As 2 Kings 5 closes, Gehazi lies and cheats Naaman and then lies to Elisha. Elisha reveals that he knew all that Gehazi had done, and judgment is rendered:
“Therefore the leprosy of Naaman shall cling to you and to your descendants forever.” So (Gehazi) went out from his presence a leper, like snow. 2 Kings 5:27
I use 2 Kings 5 in a business class I teach at a local college because of all the extraordinary lessons on leadership embedded in this chapter, and it allows me to talk about God. One student commented at this verse, “that’s really harsh!” Too harsh, in his estimation, for the sin that had been committed.
But think about it. Gehazi had been closely associated with many proclamations of the truth as he served Elisha. He had observed God’s power. He was not, like Naaman, new in his understanding of who God is. Yet he desired something, money, more than he desired this God. So he sought his satisfaction in that treasure.
He deserved hell. He was given leprosy.
If 2 Kings 8:4 is any indication, Gehazi was actually restored to health as he serves the King of Israel, which may indicate (we are not told this) that he repented.
If he was given faith, as Naaman was given faith, then the leprosy in both cases was a grace! Let us assume that Naaman continued in his newfound faith – and since his death has been enjoying communion with God in heaven ever since. Do you think he now sees that season of leprosy as a curse, or the greatest blessing he ever had on earth?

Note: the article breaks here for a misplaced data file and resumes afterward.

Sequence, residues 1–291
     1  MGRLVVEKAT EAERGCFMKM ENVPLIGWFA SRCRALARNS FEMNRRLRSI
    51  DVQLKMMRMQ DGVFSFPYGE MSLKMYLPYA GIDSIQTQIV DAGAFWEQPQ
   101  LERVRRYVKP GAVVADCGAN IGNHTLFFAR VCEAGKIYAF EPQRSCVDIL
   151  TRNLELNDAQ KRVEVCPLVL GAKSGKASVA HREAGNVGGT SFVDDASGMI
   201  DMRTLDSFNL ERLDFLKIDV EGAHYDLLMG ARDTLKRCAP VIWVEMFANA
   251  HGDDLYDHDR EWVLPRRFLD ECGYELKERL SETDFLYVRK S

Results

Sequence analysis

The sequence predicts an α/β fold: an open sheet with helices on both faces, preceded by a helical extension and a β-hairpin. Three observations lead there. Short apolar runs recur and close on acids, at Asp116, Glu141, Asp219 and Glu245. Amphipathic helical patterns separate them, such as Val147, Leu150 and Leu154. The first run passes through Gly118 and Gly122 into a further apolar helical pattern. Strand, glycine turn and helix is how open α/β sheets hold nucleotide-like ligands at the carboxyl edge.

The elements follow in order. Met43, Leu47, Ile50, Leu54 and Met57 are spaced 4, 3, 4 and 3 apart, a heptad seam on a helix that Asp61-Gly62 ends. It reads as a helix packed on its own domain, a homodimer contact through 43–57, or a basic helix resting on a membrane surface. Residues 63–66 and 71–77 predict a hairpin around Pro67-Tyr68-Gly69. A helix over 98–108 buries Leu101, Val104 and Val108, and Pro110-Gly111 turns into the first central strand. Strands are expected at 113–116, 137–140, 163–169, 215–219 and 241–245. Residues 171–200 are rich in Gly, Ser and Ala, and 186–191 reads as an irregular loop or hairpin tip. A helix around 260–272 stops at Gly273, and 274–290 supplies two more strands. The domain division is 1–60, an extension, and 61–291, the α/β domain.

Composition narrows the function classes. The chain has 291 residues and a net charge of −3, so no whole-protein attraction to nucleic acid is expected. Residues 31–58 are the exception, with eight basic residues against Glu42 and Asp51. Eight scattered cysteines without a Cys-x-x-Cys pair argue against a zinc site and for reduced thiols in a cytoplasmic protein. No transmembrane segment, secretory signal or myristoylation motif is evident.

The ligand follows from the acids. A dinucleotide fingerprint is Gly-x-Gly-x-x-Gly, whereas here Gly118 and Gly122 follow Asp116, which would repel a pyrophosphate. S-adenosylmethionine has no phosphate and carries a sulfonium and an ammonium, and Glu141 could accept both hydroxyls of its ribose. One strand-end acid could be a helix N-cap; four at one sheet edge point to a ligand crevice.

God uses all things, including disability, to make much of himself. He certainly did in my life with my son. I see my son’s multiple disabiities as entirely a grace from God.
I have read too many books where theologians easily and wrongly conclude that God had nothing to do with disease or disability or storms or famine or wars or any number of things that God actually takes credit for doing in his word. I certainly agree that these are hard to understand, but being hard to understand does not mean we should just disregard what is actually written. And how sweet it is when something hard becomes more clear!
God alone can independently do such things we consider ‘bad’ and make it all work together for good and to glorify his name. He is that powerful, and that good.
That is why 2 Kings 5 is not a story for children alone, and why it is particularly good news for those of us who are parents of children with disabilities.